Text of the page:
No greater indication of our dysfunctional relationship to our bodies can there be than the fact that we have created a trillion dollar industry that has as its sole purpose the manufacture of machines and devices that destroy and disfigure it by the millions. Our so-callled “defense industry” would perhaps be looked upon less favorably by its supporters if it were referred to, more honestly, as “the body destroying industry”. Although it has numerous competitors, perhaps the most atrocious and obscene example of this in all our sad history was the Treblinka II Death Camp in Nazi Germany. This was the Industrial Revolution meets Dante’s Inferno. For the first and only time in history an actual factory was built, with train lines leading up to it, that served no purpose other than the destruction of human bodies as quickly and “efficiently” as possible. People were carted in by the train car-load, and few lived more than 24 hours after arriving.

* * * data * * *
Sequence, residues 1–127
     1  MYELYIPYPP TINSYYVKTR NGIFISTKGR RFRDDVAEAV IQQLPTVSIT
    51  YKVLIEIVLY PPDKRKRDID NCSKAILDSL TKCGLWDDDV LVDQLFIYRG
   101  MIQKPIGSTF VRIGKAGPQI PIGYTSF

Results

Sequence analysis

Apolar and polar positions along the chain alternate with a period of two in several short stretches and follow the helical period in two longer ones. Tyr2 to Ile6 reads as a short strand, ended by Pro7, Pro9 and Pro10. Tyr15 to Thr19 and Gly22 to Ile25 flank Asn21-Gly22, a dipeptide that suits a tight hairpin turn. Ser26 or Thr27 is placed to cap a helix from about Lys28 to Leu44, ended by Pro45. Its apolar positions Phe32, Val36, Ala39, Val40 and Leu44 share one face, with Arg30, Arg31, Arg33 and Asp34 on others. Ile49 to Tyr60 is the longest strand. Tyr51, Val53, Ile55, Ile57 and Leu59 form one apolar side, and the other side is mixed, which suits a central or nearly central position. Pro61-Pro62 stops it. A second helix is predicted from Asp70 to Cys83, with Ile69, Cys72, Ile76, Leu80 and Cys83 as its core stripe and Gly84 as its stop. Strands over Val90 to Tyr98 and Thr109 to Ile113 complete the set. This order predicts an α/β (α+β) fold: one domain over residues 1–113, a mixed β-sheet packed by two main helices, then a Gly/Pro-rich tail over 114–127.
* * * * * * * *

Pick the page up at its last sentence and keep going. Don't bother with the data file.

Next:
And these bodies that we waste and destroy so casually are near miraculous machines that are far beyond the capabilities of our greatest scientific geniuses to create or even imitate. Each cell, when it is first birthed in us, is like any other cell in our bodies, yet each knows how to evolve through exactly the right iterations so that it becomes part of our hair, our eyes, our lungs, our genitals, etc. How do the cells do this? Nobody knows, but it is likely the answer will someday be found in the portion of our DNA that biologists have lovingly referred to as “junk”.
We punish bodies mercilessly, and yet throughout the history of our species they have never sinned in any way. They serve us faithfully to the fullest extent they are capable at any given moment, until they can no longer. When they long for sleep we deprive them of it. When they need healthy natural food to stay strong, we insist that they make do on starchy, sugary, salty substances they have little use for. We keep them chained to chairs when they long to move about in the open air, as they were evolved to do. If we treated our pets the same way we treat our bodies we would be considered negligent, at best. And we punish bodies for the transgressions of the mind. I am opposed to the death penalty because I believe it is always a miscarriage of justice, as the body merely did what it was told, no matter how heinous the crime. To the body, slicing a cucumber or slicing into a human finger is essentially the same act, insofar as it merely follows the instructions of a healthy, or deranged, mind. An eye for an eye is thus two outrages, not one.